At the 2011 Los Angeles Auto Show, BMW introduced its press conference with a preview of the next installment of the Tom Cruise Mission Impossible movie series.
BMW features prominently in this production, with its plug-in hybrid supercar i8 as one of the team’s advanced tools.
The movie's theme--the impossible mission, which always somehow seems to be achieved--is exactly what BMW is pursuing with its move into electric power for its vehicles.
The theatrical challenge must be concluded in 180 minutes or less, but BMW has patiently evolved its electric-drive technology over several years--as Rich Steinberg, BMW’s American Manager of Electric Vehicle Operations and Strategy, outlined in an interview at the LA debut of the i3 and i8 concepts.
Even BMW's deep pockets couldn't draw Tom Cruise to this debut, but one of his co-stars, Paula Patton, was on hand to add her impressions of the i8 as part of their movie technology.
After the staged excitement with the beautiful star, we settled down for an interview with Steinberg.
He asserted that the concept i3 is “95 percent final” against the production car that will go on sale in the third quarter of 2013. Based on feedback from the field testing of the MINI E, the i3 will have the desired “100-mile electric range,” but the final size of its battery pack is still being assessed.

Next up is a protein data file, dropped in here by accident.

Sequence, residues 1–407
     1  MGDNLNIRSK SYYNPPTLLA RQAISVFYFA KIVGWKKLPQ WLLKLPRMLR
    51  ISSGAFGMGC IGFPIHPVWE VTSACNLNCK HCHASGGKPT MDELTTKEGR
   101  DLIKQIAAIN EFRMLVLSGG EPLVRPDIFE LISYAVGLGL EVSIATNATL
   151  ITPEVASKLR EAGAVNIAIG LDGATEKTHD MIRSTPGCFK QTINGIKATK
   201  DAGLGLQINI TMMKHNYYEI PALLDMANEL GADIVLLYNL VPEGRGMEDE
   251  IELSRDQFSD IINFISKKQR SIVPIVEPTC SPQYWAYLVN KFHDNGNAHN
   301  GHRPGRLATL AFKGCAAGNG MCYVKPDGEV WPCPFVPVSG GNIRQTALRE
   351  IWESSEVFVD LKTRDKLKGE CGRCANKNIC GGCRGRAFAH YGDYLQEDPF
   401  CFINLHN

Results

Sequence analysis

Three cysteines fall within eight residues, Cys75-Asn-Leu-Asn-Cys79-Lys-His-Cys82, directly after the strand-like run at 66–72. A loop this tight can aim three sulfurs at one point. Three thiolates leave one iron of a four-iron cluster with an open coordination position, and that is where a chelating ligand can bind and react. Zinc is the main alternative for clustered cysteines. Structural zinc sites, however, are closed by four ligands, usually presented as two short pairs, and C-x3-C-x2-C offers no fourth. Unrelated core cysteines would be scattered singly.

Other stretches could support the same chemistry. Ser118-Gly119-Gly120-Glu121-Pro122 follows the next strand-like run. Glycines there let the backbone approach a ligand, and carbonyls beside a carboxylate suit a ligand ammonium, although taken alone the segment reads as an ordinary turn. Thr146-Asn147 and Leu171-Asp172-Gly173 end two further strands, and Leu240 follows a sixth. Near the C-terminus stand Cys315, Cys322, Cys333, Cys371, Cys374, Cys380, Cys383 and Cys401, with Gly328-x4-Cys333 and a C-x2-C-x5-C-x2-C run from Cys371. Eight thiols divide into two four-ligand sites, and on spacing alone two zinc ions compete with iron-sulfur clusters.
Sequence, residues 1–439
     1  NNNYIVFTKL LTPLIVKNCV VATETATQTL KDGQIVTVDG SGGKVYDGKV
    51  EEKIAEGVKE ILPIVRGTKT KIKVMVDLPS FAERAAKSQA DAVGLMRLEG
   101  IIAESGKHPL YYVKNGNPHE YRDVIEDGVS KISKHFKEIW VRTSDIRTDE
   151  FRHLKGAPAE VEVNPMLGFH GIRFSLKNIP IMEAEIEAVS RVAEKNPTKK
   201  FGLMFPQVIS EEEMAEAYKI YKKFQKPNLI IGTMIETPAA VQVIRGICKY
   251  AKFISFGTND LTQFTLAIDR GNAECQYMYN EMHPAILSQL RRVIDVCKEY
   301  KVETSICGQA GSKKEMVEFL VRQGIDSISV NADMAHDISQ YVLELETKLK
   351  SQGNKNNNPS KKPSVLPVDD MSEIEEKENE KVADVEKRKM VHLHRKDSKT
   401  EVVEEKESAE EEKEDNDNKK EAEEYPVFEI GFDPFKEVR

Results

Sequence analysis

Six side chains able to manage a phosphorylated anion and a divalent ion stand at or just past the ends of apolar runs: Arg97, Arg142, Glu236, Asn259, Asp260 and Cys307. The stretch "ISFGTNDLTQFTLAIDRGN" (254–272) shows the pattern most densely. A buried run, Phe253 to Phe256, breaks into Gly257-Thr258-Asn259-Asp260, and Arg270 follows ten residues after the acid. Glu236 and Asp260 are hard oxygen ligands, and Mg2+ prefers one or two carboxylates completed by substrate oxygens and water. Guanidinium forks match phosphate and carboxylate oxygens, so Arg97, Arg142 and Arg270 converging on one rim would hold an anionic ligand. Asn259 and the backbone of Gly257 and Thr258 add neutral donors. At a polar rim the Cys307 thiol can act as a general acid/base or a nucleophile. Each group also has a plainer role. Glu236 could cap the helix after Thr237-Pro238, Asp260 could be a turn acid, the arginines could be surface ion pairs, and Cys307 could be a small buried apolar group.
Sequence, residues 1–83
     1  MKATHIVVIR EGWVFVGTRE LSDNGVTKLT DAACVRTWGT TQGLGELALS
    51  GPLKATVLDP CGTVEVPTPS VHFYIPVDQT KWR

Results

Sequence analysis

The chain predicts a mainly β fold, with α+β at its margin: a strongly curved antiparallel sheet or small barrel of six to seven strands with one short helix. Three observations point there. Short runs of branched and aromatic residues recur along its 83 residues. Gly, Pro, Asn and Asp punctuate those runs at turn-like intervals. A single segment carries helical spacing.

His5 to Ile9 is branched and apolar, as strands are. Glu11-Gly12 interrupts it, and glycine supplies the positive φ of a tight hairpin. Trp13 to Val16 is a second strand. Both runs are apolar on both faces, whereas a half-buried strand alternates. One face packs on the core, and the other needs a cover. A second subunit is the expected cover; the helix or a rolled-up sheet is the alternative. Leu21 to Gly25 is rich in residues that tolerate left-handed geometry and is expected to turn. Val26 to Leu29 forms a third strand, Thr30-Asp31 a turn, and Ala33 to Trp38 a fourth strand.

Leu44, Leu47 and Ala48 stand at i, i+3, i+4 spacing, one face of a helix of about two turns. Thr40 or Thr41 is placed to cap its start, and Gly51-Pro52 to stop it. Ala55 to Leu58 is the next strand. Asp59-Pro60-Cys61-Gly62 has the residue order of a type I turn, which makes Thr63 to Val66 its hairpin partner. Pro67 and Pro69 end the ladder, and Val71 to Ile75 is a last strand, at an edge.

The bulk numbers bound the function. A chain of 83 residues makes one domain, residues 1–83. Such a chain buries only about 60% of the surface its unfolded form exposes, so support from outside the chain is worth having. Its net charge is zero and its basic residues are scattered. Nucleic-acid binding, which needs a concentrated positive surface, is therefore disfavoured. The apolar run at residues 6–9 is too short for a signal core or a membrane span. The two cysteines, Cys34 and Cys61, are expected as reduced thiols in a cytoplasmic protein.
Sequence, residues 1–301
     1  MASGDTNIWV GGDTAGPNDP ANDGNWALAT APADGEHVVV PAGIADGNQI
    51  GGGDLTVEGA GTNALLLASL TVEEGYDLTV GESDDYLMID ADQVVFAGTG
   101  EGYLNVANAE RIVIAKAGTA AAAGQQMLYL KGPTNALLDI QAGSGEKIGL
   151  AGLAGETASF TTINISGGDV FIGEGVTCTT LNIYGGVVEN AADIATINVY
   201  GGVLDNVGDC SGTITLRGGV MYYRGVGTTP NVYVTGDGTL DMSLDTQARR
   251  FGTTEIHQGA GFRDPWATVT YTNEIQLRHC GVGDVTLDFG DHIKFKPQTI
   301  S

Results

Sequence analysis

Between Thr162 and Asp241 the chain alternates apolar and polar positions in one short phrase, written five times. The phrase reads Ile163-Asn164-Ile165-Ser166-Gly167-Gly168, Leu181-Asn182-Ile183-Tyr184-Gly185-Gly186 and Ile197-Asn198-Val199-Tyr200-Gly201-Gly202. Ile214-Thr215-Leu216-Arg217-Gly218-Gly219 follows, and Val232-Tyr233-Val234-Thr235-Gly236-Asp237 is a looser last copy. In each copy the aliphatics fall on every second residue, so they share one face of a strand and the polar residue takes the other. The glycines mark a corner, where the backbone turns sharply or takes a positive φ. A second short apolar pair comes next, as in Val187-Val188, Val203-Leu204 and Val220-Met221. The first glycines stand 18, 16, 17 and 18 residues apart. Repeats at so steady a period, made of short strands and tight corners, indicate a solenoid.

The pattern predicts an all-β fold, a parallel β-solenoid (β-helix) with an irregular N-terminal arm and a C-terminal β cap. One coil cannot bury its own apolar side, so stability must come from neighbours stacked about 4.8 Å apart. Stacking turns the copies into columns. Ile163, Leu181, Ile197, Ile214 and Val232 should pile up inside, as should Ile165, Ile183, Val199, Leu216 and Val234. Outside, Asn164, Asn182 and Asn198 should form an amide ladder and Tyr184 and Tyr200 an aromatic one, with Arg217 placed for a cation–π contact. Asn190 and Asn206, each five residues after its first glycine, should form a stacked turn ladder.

Steinberg noted that since the i3 will be much lighter in overall weight, due to its carbon-fiber reinforced plastic (CFRP) passenger shell and aluminum platform and impact design, it probably won't need as large a battery as a more conventionally engineered vehicle like the Ford Focus EV.
This will save BMW considerable expense--and although carbon fiber doesn't come cheap either, BMW has been working for several years with companies on both sides of the Atlantic to achieve cost savings in the production and manipulation of carbon fiber.
Applying the savings from a smaller battery system to the extra cost of the carbon-fiber technology probably won't “zero out” the cost differences, Steinberg said, but he went on to note that "the i3 will be a premium electric drive city car, so it will cost more than other entry-level models from the competition.”
As a concept, the exotic and supercar-aspiring i8 is all glass and swooping, highly sculpted lines--not unusual on concept cars, but less often making it into production.
Questioned about how close the production i8 will be to this dramatic concept, Steinberg said it would be very close, the deep sculpting and dramatic glass included.
That's the good news, though he went on to say that the i8 is cast as a “supercar,” and will be priced accordingly. That means well over a $100,000 ticket to ride when it appears in 2014.
It is clear that BMW’s pursuit of this impossible mission--no less than reinventing the automobile--is a program for the long run.
BMW vehicles 10 years from now are likely to be further evolutions of the i3 and i8, and almost inconceivably different from the classic Sixties 2002 that started the company toward the "ultimate driving machine" cachet it enjoys today.